Day out: Cave Hill, Belfast
Belfast’s most familiar natural landmark provides a wild mountain viewpoint and an invigorating ascent, right on the edge of the city
Cape Town has Table Mountain, Edinburgh has Arthur’s Seat, and Belfast has Cave Hill. It’s one of those mandatory excursions and no visitor or local should spend long in the city without making the trip to the top.
Rising to 368m, the eastern slopes of Cave Hill are cut into a series of plunging cliffs. Some 3,000 years ago, the loftiest promontory was home to McArt’s Fort, a prehistoric ceremonial ring fort. Today it’s popularly known as Nelson’s Nose, a reference to its distinctive, face-like profile when viewed from the south.
The hill is part of Cave Hill Country Park, a 300-hectare site on the north-west edge of the city, which includes Belfast Castle and Belfast Zoo. Rising directly from urban streets, the park is well served by
Into the Wild
By far the best way to explore the area is to follow the three signed walking trails. The most dramatic route is also the longest: the 7km Cave Hill Trail includes 270m of ascent, and takes around two-and-a-half hours to complete.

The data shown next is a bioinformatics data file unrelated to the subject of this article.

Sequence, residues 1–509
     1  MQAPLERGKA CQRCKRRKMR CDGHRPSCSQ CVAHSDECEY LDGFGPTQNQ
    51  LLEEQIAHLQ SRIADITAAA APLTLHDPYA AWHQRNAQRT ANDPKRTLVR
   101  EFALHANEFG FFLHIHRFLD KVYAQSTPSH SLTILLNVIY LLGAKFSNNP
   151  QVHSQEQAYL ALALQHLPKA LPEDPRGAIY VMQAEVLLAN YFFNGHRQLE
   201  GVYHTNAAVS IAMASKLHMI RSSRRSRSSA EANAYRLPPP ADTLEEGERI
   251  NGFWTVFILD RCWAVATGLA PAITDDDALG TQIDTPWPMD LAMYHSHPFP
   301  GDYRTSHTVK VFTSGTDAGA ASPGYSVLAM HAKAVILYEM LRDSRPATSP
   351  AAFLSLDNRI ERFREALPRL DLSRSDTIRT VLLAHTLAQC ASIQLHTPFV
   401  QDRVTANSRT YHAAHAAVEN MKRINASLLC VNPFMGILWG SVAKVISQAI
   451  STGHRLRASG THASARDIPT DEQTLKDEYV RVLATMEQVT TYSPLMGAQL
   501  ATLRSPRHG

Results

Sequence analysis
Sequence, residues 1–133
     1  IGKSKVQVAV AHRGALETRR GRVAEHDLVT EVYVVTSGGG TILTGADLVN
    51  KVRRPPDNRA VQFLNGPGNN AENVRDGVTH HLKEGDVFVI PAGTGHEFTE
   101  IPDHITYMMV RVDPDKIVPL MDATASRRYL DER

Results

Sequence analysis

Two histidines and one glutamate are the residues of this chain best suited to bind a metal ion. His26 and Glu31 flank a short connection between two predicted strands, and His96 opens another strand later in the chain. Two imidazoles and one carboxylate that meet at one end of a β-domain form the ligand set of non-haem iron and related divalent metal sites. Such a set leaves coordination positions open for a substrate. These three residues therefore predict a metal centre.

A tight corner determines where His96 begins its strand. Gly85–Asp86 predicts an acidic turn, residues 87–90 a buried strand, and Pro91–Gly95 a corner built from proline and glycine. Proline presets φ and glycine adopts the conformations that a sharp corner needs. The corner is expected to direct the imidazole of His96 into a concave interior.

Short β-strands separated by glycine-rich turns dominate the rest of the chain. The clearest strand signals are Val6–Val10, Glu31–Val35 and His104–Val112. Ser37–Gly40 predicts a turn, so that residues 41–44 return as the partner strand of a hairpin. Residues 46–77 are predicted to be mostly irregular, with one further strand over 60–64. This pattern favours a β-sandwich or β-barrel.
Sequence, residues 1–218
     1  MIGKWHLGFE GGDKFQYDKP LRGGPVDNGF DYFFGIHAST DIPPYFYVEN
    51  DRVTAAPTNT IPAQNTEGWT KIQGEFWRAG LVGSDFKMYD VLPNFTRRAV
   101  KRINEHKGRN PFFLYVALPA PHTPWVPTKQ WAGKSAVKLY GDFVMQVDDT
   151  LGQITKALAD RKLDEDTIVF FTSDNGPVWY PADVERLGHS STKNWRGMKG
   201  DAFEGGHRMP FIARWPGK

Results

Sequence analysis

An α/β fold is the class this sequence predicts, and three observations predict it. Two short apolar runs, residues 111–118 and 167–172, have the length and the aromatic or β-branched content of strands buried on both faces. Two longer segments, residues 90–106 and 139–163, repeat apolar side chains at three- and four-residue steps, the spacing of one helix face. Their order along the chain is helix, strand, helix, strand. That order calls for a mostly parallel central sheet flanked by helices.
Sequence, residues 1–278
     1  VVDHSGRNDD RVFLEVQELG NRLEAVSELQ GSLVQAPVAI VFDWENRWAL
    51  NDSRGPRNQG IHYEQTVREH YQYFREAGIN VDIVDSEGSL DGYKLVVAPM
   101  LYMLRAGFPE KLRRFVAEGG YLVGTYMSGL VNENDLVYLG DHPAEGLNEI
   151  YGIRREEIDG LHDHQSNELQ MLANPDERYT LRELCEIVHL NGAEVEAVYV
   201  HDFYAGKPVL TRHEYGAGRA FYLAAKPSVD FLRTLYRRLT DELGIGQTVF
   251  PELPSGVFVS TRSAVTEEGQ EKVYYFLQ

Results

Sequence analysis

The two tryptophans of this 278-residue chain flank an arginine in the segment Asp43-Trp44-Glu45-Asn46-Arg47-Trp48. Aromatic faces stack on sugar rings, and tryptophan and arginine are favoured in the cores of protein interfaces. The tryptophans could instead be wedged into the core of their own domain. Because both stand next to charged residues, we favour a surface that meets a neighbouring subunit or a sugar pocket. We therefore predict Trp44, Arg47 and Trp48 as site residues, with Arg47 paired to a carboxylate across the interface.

Beginning from Belfast Castle, follow green waymarks through deciduous woodland. The terrain becomes rougher as you emerge from the trees and pass beneath the sheer basalt precipice, the face of which is pockmarked by five man-made caves.
Climb past a hollow known as the Devil’s Punchbowl, below the largest cave and on to the wild, northern shoulder of Cave Hill. Bluebells carpet the hillside in spring, with wild orchids blooming later in the summer. The mountainous terrain feels miles from suburbia, until you reach McArt’s Fort and are rewarded with an incredible panorama over the city and coastline. The Antrim Hills and Mourne Mountains are both visible in the distance.
The route contours high along the hillside for a while, before looping back to the start past an old quarry and more woodland. Having descended back to street level, you’ll never look at Belfast in the same way again.
Helen Fairbairn has worked as a professional outdoor writer for the past 20 years.